Opko and the Frost Group, knowing Verdooner’s position with OIS and his obligation to inform his company about Opko’s negotiations with OTI, “persuaded and induced Verdooner not to disclose anything to OIS with the promise of future employment and by inducing him to sign the confidentiality agreement,” the suit states.
Shortly after resigning from OIS on April 20, 2007, Verdooner informed the company that “he was working for Opko, that he intended to compete with OIS, and that he intended to call OIS personnel to solicit them to work for him,” OIS said.
Specifically, Verdooner invited 11 of the 15 members of OIS’ sales and marketing team to work with him at Opko, and at least five of these staffers now work for companies affiliated with the Frost Group, OIS said.
Additionally, after Verdooner’s resignation, “OTI … called OIS to inform it that [their] negotiations were terminated,” the suit adds. “OIS has discovered that Verdooner’s new employer, Opko/the Frost Group, acquired a significant equity interest in OTI contemporaneously with Verdooner’s departure from OIS.”
“Opko and the Frost Group knew that having Verdooner involved in the new Opko venture would make a deal with Opko more attractive to OTI because OTI would have valued Verdooner’s OIS background,” OIS stated in the suit.
Opko announced last November that it had completed its acquisition of OTI (see RNAi News, 11/29/2007).
According to last week’s SEC filing, in May 2007 OIS sued Verdooner, who Opko terminated in January but who was indemnified by the company as a former officer.
Last month, OIS expanded its lawsuit to include charges against Opko and the Frost Group for alleged intentional interference with contractual relations; intentional interference with prospective economic advantage; aiding and abetting breach of fiduciary duty; and conspiracy to cause breach of fiduciary duty.
The suit also charges Opko and the Frost Group with aiding and abetting interference with contractual relations and conspiracy to interfere with contractual relations.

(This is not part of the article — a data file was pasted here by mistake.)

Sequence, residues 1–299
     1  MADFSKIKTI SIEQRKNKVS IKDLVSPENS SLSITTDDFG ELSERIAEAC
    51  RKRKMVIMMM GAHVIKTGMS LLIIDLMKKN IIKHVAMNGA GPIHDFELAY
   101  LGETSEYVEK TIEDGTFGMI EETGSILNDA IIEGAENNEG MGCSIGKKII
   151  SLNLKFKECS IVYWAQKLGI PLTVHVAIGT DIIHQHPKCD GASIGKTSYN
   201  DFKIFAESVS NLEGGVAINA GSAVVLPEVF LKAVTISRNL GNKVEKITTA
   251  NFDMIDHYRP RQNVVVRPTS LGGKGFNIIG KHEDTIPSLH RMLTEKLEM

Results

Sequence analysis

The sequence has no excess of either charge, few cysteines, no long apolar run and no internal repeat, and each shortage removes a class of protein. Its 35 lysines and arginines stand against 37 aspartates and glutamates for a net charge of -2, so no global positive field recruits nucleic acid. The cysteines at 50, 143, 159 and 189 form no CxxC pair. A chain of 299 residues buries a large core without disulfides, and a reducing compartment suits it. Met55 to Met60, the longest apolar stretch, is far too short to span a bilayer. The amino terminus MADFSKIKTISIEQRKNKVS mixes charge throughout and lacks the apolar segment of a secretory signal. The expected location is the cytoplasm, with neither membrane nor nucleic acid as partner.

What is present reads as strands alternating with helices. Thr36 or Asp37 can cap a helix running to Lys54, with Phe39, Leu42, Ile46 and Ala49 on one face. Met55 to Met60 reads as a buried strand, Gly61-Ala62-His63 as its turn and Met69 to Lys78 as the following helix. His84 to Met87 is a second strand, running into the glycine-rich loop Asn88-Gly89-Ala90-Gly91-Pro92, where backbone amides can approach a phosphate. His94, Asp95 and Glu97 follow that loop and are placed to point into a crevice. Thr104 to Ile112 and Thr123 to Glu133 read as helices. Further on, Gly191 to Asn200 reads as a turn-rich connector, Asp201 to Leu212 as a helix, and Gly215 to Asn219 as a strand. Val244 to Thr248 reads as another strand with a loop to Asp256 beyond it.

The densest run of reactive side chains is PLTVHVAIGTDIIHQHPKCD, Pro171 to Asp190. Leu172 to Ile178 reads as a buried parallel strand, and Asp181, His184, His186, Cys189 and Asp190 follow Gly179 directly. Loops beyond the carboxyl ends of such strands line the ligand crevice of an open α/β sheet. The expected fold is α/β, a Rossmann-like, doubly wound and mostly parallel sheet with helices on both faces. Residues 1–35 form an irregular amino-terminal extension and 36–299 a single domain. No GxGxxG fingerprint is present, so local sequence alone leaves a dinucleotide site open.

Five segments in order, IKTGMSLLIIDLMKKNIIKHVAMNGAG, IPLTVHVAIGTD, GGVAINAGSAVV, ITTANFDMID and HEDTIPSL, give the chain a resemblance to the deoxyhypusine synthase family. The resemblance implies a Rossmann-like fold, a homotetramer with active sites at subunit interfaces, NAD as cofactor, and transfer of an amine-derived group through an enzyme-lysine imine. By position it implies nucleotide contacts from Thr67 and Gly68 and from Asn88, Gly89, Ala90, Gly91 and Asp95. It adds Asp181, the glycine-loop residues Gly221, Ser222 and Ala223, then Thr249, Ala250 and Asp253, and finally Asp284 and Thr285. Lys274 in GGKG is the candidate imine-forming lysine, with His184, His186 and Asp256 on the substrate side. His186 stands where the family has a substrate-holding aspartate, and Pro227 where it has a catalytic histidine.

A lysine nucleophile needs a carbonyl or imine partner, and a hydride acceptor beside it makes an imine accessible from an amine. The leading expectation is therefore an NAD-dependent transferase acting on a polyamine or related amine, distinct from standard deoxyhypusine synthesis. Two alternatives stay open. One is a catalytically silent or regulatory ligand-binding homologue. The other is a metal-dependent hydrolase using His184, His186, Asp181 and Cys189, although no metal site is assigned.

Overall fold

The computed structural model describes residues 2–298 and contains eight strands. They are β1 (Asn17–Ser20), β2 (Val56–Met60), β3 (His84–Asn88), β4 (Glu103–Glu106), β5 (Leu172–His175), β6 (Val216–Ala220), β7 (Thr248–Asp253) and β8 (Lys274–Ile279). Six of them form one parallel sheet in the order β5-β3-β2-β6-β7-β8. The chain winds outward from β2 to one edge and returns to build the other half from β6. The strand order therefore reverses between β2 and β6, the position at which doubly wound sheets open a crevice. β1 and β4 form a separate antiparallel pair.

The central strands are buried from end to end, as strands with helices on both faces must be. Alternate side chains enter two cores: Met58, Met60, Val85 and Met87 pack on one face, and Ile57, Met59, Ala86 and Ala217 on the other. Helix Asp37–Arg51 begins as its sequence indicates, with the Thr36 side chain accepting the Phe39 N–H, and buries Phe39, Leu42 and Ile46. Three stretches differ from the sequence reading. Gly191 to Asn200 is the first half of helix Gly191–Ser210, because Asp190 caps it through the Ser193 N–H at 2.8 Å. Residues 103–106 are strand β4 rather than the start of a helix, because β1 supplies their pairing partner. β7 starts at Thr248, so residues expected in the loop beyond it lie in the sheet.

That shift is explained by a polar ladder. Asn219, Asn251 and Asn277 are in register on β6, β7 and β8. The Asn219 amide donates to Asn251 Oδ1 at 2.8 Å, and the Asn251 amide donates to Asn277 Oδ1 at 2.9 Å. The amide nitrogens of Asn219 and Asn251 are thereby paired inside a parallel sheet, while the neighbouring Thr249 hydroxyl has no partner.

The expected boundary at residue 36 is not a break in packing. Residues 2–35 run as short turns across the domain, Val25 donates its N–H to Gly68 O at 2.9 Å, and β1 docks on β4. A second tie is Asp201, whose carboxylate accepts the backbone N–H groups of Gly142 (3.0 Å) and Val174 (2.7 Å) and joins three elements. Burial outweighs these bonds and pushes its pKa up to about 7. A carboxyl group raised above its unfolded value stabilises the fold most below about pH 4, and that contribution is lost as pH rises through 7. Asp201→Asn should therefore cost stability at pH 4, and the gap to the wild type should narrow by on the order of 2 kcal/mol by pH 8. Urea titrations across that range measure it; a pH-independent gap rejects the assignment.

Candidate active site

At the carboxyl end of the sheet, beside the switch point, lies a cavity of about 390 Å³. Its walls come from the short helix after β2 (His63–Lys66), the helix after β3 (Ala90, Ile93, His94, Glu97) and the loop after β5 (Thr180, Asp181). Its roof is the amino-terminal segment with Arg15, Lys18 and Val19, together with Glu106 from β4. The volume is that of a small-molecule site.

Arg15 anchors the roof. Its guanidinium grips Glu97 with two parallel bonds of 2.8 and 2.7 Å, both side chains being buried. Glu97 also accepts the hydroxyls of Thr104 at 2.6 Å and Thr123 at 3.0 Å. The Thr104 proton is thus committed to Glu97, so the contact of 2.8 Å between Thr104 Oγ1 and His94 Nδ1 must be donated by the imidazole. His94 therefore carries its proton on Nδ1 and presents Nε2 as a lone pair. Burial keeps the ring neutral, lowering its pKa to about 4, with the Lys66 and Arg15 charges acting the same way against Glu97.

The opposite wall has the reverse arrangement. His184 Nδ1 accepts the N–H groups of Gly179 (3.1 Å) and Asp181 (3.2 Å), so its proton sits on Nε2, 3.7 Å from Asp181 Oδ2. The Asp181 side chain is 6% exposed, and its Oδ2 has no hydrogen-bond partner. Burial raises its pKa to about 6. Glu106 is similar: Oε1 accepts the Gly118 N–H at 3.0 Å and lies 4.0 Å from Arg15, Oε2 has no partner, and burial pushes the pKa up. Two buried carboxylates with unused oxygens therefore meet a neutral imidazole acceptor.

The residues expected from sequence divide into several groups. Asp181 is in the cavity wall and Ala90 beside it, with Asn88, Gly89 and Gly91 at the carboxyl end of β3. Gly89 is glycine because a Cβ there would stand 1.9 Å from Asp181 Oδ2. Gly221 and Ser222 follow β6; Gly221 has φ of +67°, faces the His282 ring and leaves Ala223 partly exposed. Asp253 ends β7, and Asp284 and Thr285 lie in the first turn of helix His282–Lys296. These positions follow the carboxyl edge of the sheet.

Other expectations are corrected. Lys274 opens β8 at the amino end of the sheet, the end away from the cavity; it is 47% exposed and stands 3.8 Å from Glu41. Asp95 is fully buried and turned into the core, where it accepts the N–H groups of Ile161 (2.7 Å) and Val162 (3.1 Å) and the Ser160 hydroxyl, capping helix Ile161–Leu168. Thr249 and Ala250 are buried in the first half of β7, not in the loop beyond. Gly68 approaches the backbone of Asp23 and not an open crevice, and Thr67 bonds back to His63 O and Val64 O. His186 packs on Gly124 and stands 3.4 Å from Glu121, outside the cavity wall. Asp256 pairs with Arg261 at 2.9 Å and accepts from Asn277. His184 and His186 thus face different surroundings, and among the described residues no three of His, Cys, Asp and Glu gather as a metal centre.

The lawsuit seeks damages, including OIS’ loss of business and profits, “in an amount to be proved at trial but believed to exceed $7,000,000." It also seeks a court order barring Verdooner, the Frost Group, Opko, and related parties from soliciting any of OIS’ customers; from offering employment to the company’s staffers; and from using or disclosing any of OIS’s proprietary business information.
Officials from Opko declined to comment for this article.
The litigation with OIS is the second legal row Opko has had to deal with in its short history.
As first reported by RNAi News, the company late last year was sued by non-profit economic-development organization Ben Franklin Technology Partners of Southeastern Pennsylvania for allegedly breaching a contractual obligation requiring it to pay the non-profit more than $800,000 worth of stock warrants if one of its business components was to move out of the state before an agreed-upon date (see RNAi News, 11/29/2007).
Opko allegedly inherited the obligation from Acuity, which had been awarded research and development funding by BFTP-SEP in exchange for stock and warrants.
Opko and BFTP-SEP ultimately settled their dispute out of court (see RNAi News, 2/7/2008).